Gil Bate has served more than 20 years in prison. He was convicted of fraud and forgery, leading to his time behind bars which he split between five different prisons in California. During his time there, he developed an impressive talent for tattooing, which served to protect him from some of the dangers of prison after it earned the respect and adulation of his fellow inmates.
Entirely self-taught, Bate proceeded to hone his craft for the duration of his time behind bars. Upon his release, he relocated to the Philippines and pursued artistry full-time, which led him to his current craft – meticulously carving visual representations of his time spent in prison onto ostrich egg shells.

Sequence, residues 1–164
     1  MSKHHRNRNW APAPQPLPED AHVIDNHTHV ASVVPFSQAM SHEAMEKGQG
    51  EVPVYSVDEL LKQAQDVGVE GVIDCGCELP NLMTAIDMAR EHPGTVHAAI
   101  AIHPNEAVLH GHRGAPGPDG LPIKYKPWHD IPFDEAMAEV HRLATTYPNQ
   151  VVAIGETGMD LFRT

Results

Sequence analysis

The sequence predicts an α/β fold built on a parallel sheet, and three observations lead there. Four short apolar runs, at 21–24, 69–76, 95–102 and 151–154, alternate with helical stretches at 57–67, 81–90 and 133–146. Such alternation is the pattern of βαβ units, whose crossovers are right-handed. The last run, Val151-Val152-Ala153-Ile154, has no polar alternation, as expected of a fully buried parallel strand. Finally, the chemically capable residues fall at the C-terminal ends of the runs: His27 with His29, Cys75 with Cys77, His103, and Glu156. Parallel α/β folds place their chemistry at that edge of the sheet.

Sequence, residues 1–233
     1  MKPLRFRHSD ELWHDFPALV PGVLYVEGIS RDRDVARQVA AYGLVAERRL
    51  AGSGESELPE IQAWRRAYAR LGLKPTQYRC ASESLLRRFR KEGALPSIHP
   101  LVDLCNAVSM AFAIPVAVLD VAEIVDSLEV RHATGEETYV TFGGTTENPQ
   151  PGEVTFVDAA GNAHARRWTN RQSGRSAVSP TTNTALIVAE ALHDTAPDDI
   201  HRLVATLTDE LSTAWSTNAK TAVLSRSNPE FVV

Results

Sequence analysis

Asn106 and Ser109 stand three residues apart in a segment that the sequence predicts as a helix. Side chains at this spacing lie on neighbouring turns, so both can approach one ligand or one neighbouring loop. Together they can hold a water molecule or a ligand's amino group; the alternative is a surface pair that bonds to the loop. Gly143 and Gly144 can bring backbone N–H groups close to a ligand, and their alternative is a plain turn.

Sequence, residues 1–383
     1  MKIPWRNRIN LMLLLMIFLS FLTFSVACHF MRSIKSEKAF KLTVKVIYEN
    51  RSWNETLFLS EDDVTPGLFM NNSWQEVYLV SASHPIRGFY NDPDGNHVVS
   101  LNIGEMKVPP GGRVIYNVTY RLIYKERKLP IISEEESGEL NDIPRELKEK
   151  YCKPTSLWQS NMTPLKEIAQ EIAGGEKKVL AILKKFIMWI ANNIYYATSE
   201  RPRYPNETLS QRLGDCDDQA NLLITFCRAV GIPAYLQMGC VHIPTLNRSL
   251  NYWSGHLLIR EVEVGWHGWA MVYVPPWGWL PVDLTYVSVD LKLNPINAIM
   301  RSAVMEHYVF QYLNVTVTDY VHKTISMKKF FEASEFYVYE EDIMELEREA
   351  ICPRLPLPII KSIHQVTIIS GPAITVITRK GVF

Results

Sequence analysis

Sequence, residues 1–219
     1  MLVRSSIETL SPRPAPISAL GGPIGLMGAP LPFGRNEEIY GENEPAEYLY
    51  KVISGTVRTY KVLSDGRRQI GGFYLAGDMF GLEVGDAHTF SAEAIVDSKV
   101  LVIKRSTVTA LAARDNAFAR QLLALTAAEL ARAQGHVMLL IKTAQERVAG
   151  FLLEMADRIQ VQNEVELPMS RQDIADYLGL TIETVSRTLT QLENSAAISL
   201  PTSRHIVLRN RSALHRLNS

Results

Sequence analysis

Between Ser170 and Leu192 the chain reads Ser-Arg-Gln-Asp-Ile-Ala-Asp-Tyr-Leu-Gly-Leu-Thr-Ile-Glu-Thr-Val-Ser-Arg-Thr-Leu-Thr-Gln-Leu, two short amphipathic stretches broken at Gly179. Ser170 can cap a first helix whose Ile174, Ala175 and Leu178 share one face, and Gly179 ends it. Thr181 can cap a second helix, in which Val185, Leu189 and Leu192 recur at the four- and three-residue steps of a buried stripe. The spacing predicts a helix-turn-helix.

The attention to detail is nothing short of remarkable, with depictions of his experiences in prison beautifully and precisely carved onto a selection of the large egg shells. Various panels can be found on the surface of the shells, each one featuring a representation of prison life – including men being held behind bars, crude homemade knives and tattoo guns, and various depictions of prison guards and authority figures.
His skill is unquestionable, and to think that this was all achieved through his time spent in prison does show that a man can learn a lot about himself during his stay behind bars. The fact that Bate managed to learn such a talent and use it to tell his story is well worth applauding.